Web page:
Jean Melies 's The Moon, By Georges Melies

1334 WordsJun 28, 20156 Pages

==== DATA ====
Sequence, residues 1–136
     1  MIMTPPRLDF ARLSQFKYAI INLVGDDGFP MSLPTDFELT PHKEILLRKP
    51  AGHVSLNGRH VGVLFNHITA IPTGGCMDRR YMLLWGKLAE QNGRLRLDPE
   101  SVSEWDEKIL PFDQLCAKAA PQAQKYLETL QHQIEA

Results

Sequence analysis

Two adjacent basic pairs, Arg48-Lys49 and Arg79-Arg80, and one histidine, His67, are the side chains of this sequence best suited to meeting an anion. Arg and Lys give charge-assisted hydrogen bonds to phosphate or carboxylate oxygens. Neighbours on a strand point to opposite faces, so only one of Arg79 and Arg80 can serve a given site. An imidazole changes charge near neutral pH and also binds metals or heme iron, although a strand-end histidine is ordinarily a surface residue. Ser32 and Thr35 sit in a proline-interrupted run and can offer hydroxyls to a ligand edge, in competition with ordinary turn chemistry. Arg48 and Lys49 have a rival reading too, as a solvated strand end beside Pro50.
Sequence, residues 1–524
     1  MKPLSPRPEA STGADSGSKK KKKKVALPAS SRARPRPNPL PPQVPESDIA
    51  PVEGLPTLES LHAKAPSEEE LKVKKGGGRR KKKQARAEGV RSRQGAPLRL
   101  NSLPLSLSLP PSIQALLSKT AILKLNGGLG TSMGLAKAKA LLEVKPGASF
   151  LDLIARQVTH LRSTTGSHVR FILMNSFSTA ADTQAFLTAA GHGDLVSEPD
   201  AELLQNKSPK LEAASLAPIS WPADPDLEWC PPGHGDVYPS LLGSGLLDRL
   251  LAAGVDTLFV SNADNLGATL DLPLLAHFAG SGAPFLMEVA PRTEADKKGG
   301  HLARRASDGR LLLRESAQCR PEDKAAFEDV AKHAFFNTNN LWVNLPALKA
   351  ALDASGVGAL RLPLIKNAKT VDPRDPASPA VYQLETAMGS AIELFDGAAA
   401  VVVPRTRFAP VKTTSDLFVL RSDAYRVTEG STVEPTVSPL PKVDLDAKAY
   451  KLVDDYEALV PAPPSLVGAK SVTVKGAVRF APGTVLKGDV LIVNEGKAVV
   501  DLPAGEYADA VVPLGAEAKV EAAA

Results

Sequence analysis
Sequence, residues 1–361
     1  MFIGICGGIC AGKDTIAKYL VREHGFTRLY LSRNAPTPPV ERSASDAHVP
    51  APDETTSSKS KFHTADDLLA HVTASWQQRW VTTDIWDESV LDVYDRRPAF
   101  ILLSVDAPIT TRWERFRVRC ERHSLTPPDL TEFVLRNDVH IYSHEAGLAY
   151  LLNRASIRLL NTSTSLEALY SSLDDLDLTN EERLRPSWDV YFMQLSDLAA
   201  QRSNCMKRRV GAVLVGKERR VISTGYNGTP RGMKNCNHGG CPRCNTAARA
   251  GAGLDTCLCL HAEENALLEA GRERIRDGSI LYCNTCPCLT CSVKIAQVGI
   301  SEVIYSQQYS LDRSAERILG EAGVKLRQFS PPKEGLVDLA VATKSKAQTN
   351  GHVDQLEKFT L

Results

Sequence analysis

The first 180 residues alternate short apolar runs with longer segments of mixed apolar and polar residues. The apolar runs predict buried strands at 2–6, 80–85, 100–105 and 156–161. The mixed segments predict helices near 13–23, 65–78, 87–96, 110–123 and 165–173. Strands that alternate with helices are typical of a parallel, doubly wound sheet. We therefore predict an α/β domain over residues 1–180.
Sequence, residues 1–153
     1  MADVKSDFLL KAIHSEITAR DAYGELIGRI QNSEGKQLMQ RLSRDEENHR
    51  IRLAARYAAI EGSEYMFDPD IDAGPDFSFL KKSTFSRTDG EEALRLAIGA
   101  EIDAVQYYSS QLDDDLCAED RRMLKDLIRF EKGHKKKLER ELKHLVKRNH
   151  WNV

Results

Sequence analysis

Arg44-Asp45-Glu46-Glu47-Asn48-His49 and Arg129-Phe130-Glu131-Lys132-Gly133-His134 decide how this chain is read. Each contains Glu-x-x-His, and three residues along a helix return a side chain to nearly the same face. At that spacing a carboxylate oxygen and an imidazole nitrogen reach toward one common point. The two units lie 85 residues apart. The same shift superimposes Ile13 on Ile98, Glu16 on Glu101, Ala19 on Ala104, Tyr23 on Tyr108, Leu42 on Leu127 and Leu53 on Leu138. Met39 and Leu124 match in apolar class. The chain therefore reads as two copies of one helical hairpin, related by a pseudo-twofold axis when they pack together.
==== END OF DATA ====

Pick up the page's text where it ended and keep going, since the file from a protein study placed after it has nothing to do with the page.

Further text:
Science fiction films have been captivating audiences for almost as long as filmmaking has been around. Georges Méliès’s overtly theatrical, 1902 masterpiece A trip to the moon, is one of earliest pieces of cinema of the 19th century. The film set the stage for a genre that would captivate audiences for decades to come. The definition of science fiction is somewhat fluid, but loosely defined as a sub-genre of fantasy that incorporates hypothetical, science-based themes into the plot of the film. The genre consists of many characteristics, one of which is the specific backdrop for the story being told. Primarily science fiction stories are set in the future, and depict in some way a utopian or dystopian society. Utopia in a science fiction would be portrayed as a perfect world. A peaceful government, and moral code would be prevalent, and there would exist no problems such as war, disease, inequality, and so forth. The latter would feature a world that is overrun with violence, oppression, and disease, “in which oppressive societal control and the illusion of a perfect society are maintained through corporate, bureaucratic, technological, moral, or totalitarian control.” (Chung, n.d.). Political and or social commentary is also portrayed in many science fictions. They’ll often deal with issues that were immediate concerns at the time of release, or potential issues society could face if change is not enacted. Finally, the most prominent element to the genre is the presence of

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